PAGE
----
Climate change is serious and inevitable. The ugly truth is we have missed our chance and the focus for many governments now is how to adapt to climate change.
Dealing with these issues requires big picture thinking. Not a “does my bum look big in this” style of town planning.
As Spiller points out the democratic planning we’ve had for a few decades now has not delivered the planning we need.
Spiller has written a paper about his ideas to re-invent the wheel we lost, with modifications of course. Perhaps a commission.
“It is essential that any such commission be seen to have an independent, albeit subsidiary, mandate to that of the state government. We could do worse than re-instate the seven board member model with three including the chair appointed by the state and four elected – directly or by electoral college – by sub-regions comprising the metropolis,” he says.
Spiller also co-authored a Griffith University paper with Brendan Gleeson and Jago Dodson on the governance issues for cities, Metropolitan governance for the Australian city: The case for reform
The paper starts: “Our premise is that serious urban governance failings will inhibit responses to manifest threats to national sustainability and security, especially global economic instability, climate change, resource insecurity and social inequity. A shift to stronger and more explicit metropolitan governance is no simple panacea for these complex threats, but we see it as a precondition for comprehensive policy response.
“There is a stark social gradient to this mounting stress and vulnerability. Poorer and modest income communities are overrepresented in the metropolitan areas suffering locational disadvantage. …In this way, the failing structural make up of our cities emerges as a major issue for social equity and inclusion at the national scale.
Pity that the paper has been so controversial.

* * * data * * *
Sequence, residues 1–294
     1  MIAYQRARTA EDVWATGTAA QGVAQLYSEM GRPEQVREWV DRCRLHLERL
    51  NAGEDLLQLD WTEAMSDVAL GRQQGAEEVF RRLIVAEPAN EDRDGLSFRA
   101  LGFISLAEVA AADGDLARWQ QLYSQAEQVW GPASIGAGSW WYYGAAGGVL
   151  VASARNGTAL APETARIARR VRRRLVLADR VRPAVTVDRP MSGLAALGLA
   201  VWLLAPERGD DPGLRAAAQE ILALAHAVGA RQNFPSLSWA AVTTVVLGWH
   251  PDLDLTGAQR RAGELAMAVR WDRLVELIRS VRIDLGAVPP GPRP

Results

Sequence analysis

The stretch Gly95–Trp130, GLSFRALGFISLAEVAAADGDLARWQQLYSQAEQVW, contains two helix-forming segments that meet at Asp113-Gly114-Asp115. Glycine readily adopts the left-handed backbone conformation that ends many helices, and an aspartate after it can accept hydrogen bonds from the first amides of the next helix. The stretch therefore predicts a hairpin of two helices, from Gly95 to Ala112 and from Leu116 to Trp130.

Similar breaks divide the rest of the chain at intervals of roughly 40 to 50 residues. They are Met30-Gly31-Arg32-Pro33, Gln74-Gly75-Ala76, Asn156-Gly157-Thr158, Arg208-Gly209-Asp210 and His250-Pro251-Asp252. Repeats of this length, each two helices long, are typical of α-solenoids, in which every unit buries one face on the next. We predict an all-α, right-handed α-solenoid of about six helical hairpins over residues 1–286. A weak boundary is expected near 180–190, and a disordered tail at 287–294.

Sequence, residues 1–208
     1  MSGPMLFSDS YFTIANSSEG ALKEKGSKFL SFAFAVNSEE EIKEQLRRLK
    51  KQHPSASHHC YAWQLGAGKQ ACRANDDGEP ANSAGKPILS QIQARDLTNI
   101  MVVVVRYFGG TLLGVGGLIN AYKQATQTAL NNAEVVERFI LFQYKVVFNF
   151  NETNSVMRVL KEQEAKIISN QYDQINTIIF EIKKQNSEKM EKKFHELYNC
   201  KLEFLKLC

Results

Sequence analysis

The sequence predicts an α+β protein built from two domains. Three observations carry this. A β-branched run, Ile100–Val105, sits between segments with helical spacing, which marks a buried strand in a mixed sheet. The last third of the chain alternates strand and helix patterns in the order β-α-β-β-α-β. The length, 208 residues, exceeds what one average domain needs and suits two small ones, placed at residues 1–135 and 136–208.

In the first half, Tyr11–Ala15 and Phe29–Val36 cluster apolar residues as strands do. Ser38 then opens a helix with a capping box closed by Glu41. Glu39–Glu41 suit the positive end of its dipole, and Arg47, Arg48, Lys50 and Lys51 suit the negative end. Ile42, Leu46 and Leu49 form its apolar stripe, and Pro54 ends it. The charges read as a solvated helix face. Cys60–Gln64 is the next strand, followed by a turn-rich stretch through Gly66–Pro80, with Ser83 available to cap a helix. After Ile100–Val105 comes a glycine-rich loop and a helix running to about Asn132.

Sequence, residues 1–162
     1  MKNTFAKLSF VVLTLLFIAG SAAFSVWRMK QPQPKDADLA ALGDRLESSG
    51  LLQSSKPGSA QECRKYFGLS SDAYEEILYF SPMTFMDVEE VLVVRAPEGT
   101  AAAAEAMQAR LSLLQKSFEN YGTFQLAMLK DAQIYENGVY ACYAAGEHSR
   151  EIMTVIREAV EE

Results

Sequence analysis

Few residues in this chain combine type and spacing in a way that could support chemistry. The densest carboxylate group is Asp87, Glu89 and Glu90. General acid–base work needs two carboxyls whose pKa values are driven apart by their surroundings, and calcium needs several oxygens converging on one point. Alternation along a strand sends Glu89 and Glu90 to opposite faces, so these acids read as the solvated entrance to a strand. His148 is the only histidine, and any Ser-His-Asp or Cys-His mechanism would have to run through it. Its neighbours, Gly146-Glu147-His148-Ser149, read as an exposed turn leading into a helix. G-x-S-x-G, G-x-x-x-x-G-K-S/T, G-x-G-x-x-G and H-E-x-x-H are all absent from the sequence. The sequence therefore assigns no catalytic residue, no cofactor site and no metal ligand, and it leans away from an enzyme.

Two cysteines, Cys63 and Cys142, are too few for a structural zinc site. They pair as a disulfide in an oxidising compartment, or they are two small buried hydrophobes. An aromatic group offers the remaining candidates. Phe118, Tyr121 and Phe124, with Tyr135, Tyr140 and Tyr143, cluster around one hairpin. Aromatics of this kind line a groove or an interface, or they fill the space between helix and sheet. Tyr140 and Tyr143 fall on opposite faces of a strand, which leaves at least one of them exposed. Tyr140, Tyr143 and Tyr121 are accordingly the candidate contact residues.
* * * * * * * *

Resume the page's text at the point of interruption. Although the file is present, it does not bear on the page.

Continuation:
Let’s take a breath. These issues are not about taking away rights, but about sharing responsibility on behalf of whole communities.
As Spiller tells it we need to reinstate some of the institutional frameworks whereby metropolitan planning “sits outside of the day to day purview of the minister.”
You really do have to follow the argument carefully though.
We’ve published provided some access to the arguments here and in the coming period will bring you more, including an account of Brendan Gleeson’s fascinating presentation to a recent Arup forum in Sydney, part of it’s New Agenda series.
Gleeson is another of the best thinkers on urban policy in Australia, someone not afraid to venture into the volatile territory of the seemingly politically incorrect, such as why we need to re-invent our suburbs.
Sadly Australia has lost Gleeson, at least for three years. He was off to Ireland this week to take a post at the National University of Ireland at Maynooth in Dublin, where he will be city director of the National Institute for Regional and Spatial Analysis.
But don’t think he’s escaped controversy. Gleeson has ventured into possibly the most disturbing planning issue to emerge on the global sphere. It’s how laissez-faire planning laws directly contributed to Ireland’s economic meltdown and how people are now trying to live in “ghost estates”, in houses that have no plumbing, are unfinished and have no hope of refinance to enable completion.
It’s the subject of a paper that his new university released to worldwide outraged coverage just this week.